And also to the former decision of this court wherein we have held that the provision of the statute mentioned above does not govern foreign corporations engaged in interstate commerce. Kibby v. Cubie Heimann & Co., 41 Okla. 116, 137 P. 352; Fruit Dispatch Co. v. Wood, 42 Okla. 79, 140 P. 1138; M D. Wells Co. v. V. J. Howard & Co., 50 Okla. 776, 151 P. 616. Numerous federal and United States decisions to the same effect are mentioned in the brief. The business conducted by the plaintiff within the state was not restricted to the particular transaction upon which this suit was based, but the transaction involved here is typical of all the others. The plaintiff operated a refinery in Toronto, Canada, and had on numerous occasions purchased crude oil within this state for the purpose of shipping the same to Canada, where it was used in the operation of plaintiff's refinery.
¶13 The question to be determined is whether the acts involved in the business transactions by the plaintiff were so closely associated with interstate commerce as to relieve the plaintiff from complying with the Oklahoma law requiring foreign corporations to domesticate and appoint service agents.
¶14 In the case of Dahnke-Walker Milling Co. v. Bondurant, 257 U.S. 282, 42 S. Ct. 106, 66 L. Ed. 239, the Supreme Court of the United States had a similar problem to decide. It was therein urged that a Tennessee corporation, which from time to time purchased grain in Kentucky to be delivered on board cars and upon delivery to be shipped into Tennessee, must comply with the Kentucky statutes similar to the Oklahoma statutes. The Supreme Court of the United States decided in that case that the Tennessee corporation was engaged in interstate commerce, and the following applicable rules of law appear in the headnotes of the Supreme Court Reporter:
"4. Commerce among the states within Const. art. 1, par. 8, ch. 3, is not confined to transportation from one state to another, but comprehends all commercial intercourse between the different states, and all component parts of such intercourse.
"5. Where goods are purchased in one state for transportation to another, the commerce includes the purchase as well as the transportation.
"6. A corporation of one state may go into another for all legitimate purposes of interstate commerce, without the leave or license of the latter state, and any statute of such state obstructing or laying a burden on the exercise of such privilege is void under the commerce clause.
"7. The purchase of wheat in Kentucky for delivery on board cars at a point in Kentucky was interstate commerce where the buyer in continuance of its earlier practice was purchasing the grain for shipment to its mill in Tennessee, and hence Ky. St. 1915, par. 571, prescribing the conditions on which foreign corporations may do business in Kentucky, was invalid as to such transaction."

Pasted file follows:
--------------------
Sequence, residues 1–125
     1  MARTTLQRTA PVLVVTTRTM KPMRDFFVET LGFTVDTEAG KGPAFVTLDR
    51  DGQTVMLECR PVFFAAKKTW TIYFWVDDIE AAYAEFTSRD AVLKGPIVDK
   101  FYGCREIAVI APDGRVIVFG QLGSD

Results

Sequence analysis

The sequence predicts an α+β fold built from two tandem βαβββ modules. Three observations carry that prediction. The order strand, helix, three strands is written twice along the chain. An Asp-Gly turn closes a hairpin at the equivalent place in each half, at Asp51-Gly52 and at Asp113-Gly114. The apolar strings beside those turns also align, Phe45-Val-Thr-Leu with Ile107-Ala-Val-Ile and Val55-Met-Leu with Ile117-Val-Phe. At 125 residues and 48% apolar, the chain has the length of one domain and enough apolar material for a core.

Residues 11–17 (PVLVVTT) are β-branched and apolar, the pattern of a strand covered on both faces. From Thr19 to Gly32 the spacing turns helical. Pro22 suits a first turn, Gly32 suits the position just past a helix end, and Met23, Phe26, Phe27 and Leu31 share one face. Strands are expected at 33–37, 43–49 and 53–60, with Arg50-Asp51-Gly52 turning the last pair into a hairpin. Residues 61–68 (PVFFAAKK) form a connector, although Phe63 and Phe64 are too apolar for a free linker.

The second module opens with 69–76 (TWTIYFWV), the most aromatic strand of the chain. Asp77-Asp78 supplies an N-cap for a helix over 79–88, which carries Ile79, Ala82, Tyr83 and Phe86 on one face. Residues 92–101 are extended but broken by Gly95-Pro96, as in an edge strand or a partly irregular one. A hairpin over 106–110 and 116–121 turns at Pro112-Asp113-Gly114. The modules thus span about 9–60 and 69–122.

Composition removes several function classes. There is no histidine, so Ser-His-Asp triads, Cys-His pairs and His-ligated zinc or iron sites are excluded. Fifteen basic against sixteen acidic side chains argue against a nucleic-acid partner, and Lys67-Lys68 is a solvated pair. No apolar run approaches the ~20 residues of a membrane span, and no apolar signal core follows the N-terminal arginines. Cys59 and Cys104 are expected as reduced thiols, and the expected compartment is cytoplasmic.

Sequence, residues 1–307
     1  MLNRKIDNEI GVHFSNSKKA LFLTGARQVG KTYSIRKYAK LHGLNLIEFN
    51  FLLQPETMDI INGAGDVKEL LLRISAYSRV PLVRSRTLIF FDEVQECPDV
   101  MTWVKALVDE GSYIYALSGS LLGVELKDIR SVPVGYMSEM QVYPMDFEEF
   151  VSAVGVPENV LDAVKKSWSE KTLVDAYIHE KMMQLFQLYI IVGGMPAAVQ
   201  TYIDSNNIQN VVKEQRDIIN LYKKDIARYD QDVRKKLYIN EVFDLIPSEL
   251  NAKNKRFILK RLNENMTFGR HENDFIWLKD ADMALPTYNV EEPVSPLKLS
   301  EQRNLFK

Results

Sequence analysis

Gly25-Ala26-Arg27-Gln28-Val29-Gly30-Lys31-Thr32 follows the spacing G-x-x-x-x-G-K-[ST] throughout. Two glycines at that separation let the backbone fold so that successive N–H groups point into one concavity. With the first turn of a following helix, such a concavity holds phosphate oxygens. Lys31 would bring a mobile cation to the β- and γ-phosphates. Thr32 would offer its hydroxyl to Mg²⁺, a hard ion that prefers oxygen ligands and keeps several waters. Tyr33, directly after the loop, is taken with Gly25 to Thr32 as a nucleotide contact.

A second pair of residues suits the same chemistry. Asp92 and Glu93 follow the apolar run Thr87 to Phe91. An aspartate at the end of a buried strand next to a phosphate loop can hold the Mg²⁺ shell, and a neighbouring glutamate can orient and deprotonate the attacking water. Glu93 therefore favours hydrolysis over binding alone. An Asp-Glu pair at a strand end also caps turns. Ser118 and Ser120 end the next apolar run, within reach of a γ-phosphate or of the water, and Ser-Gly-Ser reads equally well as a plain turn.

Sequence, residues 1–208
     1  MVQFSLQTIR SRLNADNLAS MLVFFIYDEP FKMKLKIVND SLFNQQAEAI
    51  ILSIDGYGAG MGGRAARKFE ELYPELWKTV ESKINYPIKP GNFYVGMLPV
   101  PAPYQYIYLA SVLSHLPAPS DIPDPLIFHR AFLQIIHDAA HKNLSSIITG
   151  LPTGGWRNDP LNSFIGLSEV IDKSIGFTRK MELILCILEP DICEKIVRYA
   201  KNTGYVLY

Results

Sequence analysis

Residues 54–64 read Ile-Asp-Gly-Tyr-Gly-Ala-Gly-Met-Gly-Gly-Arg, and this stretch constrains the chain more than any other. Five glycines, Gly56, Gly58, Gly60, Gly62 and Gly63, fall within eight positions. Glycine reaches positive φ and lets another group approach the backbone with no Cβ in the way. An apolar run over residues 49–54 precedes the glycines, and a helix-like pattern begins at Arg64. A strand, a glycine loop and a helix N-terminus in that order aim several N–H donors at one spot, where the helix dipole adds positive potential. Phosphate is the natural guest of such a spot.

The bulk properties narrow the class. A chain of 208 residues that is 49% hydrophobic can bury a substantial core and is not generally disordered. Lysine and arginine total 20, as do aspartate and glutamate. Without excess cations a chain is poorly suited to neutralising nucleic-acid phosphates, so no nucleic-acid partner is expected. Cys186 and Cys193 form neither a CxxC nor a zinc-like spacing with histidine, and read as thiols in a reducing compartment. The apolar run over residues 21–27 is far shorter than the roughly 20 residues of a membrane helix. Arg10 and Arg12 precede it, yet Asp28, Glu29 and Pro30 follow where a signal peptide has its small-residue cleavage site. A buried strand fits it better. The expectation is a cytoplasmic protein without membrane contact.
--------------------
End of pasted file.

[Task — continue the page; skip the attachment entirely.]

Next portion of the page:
¶15 Again, in the case of Federal Trade Commission v. Pacific States Paper Trade Association, 71 L. Ed. 534, 47 S. Ct. 255, 273 U.S. 52, the United States Supreme Court defined "interstate commerce" in the opinion, reading:
"Such commerce (interstate) is not confined to transportation, but comprehends all commercial intercourse between different states and all competent parts of that intercourse. And it includes the buying and selling of commodities for shipment from one state to another."
¶16 In the case at bar the plaintiff contemplated an immediate shipment of the crude oil to a point outside of this state as soon as it was delivered. A contract to purchase the crude oil and negotiations preliminary thereto were incidental to the act of interstate commerce involved. The situation comes squarely within the rule announced in the Dahnke-Walker Case, supra, and it follows that the plaintiff may maintain this action in the courts of this state without complying with the statutes referring to domestication of foreign corporations.
¶17 The defendant next seeks to avoid liability on the theory that the contract between the parties to this litigation was unenforceable for want of mutuality of obligation. This contention is based on the last clause of the written memorandum which provides "For such quantity as cars have not been received at Sapulpa by January 18, this quantity is to be considered canceled."
¶18 Want of mutuality of obligation in a contract renders an executory contract unenforceable where such lack of mutuality constitutes a failure of consideration. 6 R. C. L. page 686, par. 93. Obviously it has no particular application to a class of contracts which are executory on the one side and executed on the other, such as is commonly the case with promissory notes and options. Want of mutuality is an important element to be considered in those contracts where the only consideration for the promise of one party is the promise of the other. In such contract, if the promise of one party is drafted in such terms that it fails to bind him, the promise of the other party is unenforceable. The principle involved is clearly stated in 23 R. C. L., page 1264, in paragraph 82 of the article on sales: